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Inflammation is implicated in the pathogenesis of cardiovascular disease. However,
whether and how inflammation contributes to autonomic dysfunction remain poorly characterized.
We previously demonstrated that IFNγ causes retraction of dendritic processes in cultures
of sympathetic neurons dissociated from rat superior cervical ganglia. Based on these
observations, we hypothesized that IFNγ similarly disrupts connectivity of postganglionic
sympathetic neurons in vivo. To test this hypothesis, young adult male Sprague Dawley rats were administered
purified recombinant rat IFNγ to at levels reported during acute or chronic neuroinflammatory
states. Relative to vehicle controls, dendritic arborization and synapse density were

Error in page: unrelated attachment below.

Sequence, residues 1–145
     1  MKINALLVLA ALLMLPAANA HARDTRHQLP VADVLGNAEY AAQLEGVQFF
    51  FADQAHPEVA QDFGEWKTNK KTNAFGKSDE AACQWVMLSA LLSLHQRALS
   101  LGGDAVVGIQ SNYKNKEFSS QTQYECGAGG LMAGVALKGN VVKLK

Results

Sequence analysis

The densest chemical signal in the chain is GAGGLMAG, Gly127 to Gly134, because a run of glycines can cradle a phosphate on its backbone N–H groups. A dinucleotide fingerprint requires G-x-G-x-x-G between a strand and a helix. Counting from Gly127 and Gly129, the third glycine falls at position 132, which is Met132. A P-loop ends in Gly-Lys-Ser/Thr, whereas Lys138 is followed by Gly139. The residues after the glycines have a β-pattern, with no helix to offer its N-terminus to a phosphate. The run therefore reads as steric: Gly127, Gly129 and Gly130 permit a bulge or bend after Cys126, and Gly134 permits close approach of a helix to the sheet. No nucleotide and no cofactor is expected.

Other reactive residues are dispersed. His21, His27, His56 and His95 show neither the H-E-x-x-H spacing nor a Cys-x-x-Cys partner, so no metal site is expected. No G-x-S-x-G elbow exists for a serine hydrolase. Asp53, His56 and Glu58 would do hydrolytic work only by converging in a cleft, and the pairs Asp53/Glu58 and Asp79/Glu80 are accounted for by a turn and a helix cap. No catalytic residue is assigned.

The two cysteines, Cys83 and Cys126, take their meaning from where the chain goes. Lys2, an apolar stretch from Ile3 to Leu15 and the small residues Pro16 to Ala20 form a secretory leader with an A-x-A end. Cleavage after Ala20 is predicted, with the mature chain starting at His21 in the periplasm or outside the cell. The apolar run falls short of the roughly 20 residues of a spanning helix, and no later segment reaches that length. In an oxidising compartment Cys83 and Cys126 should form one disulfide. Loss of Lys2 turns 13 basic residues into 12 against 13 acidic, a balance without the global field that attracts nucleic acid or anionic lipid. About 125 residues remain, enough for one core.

significantly reduced in sympathetic neurons of SCG from IFNγ-treated animals. IFNγ-induced
loss of receptive surface in the SCG occurred in the absence of reduced neuronal cell
viability or decreased trophic interactions between SCG neurons and target tissues.
Decreased dendritic complexity and synapse loss was coincident with impaired ganglionic
neurotransmission as evidenced by an attenuated baroreflex in animals treated with
IFNγ. Based on these observations we propose a novel pathogenic mechanism of neuroinflammatory
cardiovascular disease in which IFNγ disrupts neuronal connectivity via selective
retraction of dendrites of autonomic neurons, leading to decreased sympathetic excitability.
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